I just read your answer about the bumpy Highway 66 through Ashland and wonder about it beyond Ashland. For more than 40 years, I have traveled frequently up to the Greensprings and notice that around mile marker 12 or 13, the road caves in and is repaired annually.  Now there is a traffic signal installed to control passage through the one remaining lane. Looks serious.  I wonder each time I pass over that section of road: "What is it underneath that causes it collapse shortly after it is repaired?"

— Eileen S., Talent

Your observations are on point, Eileen. That section of the highway — between Buckhorn Springs Road and Soda Mountain Road near milepost 12 — has been a frequent headache for the Oregon Department of Transportation (and drivers such as you).

Conditions are currently worse than normal because of the intense wet winter we just had. We know it probably already seems like a distant memory because of how h-h-hot it's been.

"This year has been very bad just as far as the wear and tear, mainly from the water that's causing the road to slide," said ODOT spokesman Gary Leaming.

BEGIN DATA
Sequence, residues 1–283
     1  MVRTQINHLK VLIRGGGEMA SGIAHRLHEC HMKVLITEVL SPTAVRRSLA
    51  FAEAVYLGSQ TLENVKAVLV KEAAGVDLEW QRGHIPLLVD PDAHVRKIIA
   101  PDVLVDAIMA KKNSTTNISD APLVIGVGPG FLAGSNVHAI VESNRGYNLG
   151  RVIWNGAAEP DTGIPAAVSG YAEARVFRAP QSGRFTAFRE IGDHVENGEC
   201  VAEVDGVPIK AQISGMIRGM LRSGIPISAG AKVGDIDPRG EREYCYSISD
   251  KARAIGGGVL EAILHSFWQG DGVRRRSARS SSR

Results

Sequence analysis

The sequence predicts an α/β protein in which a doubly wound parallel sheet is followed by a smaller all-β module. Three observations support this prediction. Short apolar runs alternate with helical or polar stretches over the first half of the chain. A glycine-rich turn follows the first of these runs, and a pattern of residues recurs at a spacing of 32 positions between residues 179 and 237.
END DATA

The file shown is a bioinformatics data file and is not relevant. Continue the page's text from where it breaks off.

The issues are also caused by a culvert beneath the roadway that isn't draining properly, Leaming said. The agency installed it and raised the road bed in 2006, a project that necessitated a temporary closure of the highway.

Over the last several months, ODOT has spent tens of thousands of dollars patching the slide damage. A permanent fix is coming soon, according to the group's periodical publication "Moving Ahead." That project was originally slated for summer 2018, but it just got pushed up to this year, Leaming said. It will, again, close the highway temporarily, detouring motorists.

"The agency will purchase property downhill from the slide," a "Moving Ahead" article said. "The property will be used to build a large rock buttress and a new drainage system to keep the highway in place."

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